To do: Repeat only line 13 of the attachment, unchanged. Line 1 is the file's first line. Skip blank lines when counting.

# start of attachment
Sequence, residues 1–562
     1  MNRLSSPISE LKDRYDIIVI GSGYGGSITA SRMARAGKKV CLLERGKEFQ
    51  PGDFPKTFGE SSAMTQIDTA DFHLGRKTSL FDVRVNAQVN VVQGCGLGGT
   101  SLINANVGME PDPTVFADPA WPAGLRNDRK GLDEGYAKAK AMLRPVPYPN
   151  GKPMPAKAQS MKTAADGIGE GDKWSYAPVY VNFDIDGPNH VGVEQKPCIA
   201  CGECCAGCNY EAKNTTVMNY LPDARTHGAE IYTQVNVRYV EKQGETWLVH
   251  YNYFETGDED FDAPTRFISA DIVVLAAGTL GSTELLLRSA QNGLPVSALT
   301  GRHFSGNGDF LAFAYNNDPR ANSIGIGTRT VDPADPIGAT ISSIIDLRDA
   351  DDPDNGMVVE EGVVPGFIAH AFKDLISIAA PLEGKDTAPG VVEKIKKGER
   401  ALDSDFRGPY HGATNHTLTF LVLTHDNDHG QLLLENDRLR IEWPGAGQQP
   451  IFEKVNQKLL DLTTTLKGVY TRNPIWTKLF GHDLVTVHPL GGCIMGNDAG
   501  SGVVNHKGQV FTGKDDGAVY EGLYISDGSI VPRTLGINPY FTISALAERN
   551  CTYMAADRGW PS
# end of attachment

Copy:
   551  CTYMAADRGW PS